People are being urged to wrap their external pipes before the cold spell returns.
Thousands of people end up with burst pipes every year because they've been allowed to freeze over.
Burst pipes can cause a huge amount of water damage, as well as extensive repair bills.
Simon Bullen, from United Utilities, has some helpful advice on what to do if you have burst pipes, and more importantly, how to prevent it from happening.
He's been speaking to our reporter Lori Carnochan:
A popular Cumbrian reservoir will not be permanently drained, according to the company that owns it.
United Utilities was considering draining Cogra Moss, in X, to return it to its natural form.
It was one of two options for the reservoir, because a dam there needs refurbishing.
That led to campaigns against the proposal, because many people consider the area to be a beauty spot, and it is popular with anglers.
The company has now opted instead to reduce the water levels for a short time, to allow the repairs to take place.
A public exhibition will be held in the new year, to show what this work will entail.
We have taken everything into consideration from the safety of the public, needs of wildlife and the local community’s love of the area with the required investment for the two options available.
This study has allowed us to arrive at the best long-term solution for the site.”
Cogra Moss, which is no longer part of the water network, is under threat because a dam there needs refurbishment.
United Utilities says the idea is just one option being considered, but anglers claim the West Cumbrian beauty spot will be destroyed if the reservoir is drained.
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Hundreds of thousands of pounds are up for grabs to help improve the health of the region's waterways.
Catchment Wise is the name of the scheme which will see United Utilities support a range of partners to ensure better water quality in rivers across Cumbria.
Kim Inglis reports.
A multi-million pound project to provide people with a water supply in West Cumbria for the next few decades is starting to take shape.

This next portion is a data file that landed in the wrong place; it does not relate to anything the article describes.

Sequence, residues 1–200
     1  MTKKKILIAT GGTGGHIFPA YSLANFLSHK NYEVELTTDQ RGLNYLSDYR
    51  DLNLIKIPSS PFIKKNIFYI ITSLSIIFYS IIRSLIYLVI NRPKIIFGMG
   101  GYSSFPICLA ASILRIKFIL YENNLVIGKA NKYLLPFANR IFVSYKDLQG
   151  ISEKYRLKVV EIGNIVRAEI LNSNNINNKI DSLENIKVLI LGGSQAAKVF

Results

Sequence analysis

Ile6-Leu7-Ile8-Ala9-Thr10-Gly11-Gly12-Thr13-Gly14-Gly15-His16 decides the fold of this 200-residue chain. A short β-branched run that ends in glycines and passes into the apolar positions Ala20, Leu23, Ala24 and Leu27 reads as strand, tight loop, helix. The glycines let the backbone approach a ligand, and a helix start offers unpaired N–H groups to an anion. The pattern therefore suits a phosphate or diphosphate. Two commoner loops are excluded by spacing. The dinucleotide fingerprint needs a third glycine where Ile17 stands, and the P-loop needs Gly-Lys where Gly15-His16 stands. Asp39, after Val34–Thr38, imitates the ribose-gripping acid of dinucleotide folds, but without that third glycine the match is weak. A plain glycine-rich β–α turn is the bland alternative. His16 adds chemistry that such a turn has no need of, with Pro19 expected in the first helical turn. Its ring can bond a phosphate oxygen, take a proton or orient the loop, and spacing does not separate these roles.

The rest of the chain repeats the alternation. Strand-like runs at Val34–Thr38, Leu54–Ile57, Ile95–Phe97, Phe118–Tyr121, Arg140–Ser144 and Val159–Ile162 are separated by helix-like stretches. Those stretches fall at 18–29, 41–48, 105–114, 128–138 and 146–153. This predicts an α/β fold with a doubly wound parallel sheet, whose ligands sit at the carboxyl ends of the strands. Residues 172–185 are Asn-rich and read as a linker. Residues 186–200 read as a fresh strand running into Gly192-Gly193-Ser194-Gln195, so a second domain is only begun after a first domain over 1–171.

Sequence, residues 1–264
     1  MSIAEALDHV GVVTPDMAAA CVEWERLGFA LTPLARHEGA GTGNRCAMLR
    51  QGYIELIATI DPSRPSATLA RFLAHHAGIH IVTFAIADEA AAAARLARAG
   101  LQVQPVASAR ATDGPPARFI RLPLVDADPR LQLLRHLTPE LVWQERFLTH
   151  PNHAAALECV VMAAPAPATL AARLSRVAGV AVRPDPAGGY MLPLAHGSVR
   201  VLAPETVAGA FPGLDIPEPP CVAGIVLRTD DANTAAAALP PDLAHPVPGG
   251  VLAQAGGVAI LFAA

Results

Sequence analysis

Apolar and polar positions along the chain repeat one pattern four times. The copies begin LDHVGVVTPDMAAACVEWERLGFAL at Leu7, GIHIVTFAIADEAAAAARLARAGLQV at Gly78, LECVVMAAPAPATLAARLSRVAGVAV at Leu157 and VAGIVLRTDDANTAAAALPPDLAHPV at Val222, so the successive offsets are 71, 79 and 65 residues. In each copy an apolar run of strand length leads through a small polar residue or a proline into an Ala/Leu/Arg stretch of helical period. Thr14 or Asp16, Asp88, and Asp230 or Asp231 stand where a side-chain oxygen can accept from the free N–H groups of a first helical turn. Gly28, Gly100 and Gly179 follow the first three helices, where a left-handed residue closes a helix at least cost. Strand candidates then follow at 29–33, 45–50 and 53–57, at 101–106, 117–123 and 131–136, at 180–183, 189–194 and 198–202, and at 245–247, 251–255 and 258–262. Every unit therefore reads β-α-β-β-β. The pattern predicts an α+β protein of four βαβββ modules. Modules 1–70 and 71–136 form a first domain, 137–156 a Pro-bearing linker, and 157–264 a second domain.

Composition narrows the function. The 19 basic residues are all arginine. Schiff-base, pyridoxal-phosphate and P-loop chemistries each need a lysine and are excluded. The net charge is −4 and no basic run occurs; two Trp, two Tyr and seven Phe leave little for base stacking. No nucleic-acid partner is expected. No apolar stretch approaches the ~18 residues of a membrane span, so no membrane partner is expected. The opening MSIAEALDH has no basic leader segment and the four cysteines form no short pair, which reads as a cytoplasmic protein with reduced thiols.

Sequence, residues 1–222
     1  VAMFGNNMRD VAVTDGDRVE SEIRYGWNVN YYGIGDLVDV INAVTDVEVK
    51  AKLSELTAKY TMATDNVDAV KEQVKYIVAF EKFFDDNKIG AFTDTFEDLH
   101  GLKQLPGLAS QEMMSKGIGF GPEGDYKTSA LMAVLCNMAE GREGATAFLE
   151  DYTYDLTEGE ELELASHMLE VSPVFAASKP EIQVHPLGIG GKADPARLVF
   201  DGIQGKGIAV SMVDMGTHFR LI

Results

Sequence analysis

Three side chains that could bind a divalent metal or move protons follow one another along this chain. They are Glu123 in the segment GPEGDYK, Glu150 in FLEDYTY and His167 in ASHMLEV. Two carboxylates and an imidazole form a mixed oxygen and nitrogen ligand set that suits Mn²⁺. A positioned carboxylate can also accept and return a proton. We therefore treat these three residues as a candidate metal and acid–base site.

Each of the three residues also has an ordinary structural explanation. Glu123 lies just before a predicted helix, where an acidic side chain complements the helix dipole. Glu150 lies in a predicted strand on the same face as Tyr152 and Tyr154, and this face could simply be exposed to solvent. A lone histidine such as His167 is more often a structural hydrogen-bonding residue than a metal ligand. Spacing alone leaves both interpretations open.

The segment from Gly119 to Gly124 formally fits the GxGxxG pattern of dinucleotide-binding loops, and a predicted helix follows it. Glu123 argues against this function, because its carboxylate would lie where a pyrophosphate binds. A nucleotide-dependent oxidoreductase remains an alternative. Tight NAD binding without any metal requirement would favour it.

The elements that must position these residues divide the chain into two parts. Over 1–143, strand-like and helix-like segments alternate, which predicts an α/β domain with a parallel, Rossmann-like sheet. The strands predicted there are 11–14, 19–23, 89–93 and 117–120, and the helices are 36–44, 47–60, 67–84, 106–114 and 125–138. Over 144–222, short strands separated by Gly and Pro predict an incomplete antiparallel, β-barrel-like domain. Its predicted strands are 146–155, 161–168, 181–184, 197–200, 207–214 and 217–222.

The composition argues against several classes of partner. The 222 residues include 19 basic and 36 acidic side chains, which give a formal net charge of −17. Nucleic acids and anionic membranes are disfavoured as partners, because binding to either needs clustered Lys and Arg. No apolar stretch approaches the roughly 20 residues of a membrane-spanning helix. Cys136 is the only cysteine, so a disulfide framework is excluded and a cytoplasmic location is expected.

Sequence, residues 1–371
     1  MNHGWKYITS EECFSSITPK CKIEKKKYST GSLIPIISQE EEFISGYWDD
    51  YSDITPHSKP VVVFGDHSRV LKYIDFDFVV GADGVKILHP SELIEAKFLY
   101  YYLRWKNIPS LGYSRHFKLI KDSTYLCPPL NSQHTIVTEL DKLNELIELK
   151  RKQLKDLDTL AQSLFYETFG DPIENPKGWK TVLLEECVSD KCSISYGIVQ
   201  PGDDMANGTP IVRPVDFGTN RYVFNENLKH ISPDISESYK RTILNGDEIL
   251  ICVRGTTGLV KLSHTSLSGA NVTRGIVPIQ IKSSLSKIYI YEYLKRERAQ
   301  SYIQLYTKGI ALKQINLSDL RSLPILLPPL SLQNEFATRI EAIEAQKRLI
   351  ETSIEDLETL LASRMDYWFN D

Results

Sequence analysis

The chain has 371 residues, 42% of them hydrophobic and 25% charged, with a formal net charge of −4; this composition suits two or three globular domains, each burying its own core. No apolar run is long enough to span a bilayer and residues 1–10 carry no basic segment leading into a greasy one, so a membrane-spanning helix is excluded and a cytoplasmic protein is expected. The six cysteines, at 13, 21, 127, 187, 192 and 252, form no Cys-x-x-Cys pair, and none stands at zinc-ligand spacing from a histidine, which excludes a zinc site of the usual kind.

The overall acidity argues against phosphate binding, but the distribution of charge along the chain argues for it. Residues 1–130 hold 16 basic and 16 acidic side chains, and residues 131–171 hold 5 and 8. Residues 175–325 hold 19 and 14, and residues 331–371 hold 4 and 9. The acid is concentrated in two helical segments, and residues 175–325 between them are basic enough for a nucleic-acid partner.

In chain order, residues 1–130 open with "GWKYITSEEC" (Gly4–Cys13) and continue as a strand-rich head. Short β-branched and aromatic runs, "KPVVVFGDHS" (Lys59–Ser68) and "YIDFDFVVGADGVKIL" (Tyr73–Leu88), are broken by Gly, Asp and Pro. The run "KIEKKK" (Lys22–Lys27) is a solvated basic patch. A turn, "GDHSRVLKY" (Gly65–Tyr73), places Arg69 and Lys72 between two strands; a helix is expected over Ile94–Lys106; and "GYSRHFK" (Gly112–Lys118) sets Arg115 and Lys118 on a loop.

Water company United Utilities are looking for new water sources as an alternative to Ennerdale water.
They also need help from local residents to prevent drought. Jenny Longden reports.
United Utilites hopes that by 2025 west Cumbria will have a new water supply.
It is looking at whether new water sources of water can be found or Copeland and Allerdale could get it's water supply from Thirlmere.
Once they've decided on a new source Ennerdale Water will never be used again. Until then they may have to put up drought orders every few years to minimise impact to the lakes habitat.
“Until then, balancing the water needs of people and the environment in west Cumbria is a bit trickier than it used to be. Luckily, Ennerdale’s lake level recovers quickly from dry spells, so, when we do ask people to save water, it shouldn’t be for long, and probably only about once every two and a half years on average.
“We will be doing our own bit too, by driving down leakage, reducing our own water use and using tankers to top-up treated water storage reservoirs with water from other parts of Cumbria, if we need to.”
United Utilities are spending millions of pounds searching for new water supplies for west Cumbria in a bid to protect the natural habit of current water sources.
Homes in Copeland and Allerdale are currently served by Ennerdale Water.
Engineers hunting new water sources for homes and businesses in the west of the county will start investigating the routes of potential new pipelines over the next few weeks.
The project could take United Utilities until 2025, and environmental experts say it is vital to protect some of the UK’s most vulnerable habitats, like Ennerdale.
Until the supply is in place United Utilities want to know how homeowners think they should protect the water source during a drought.
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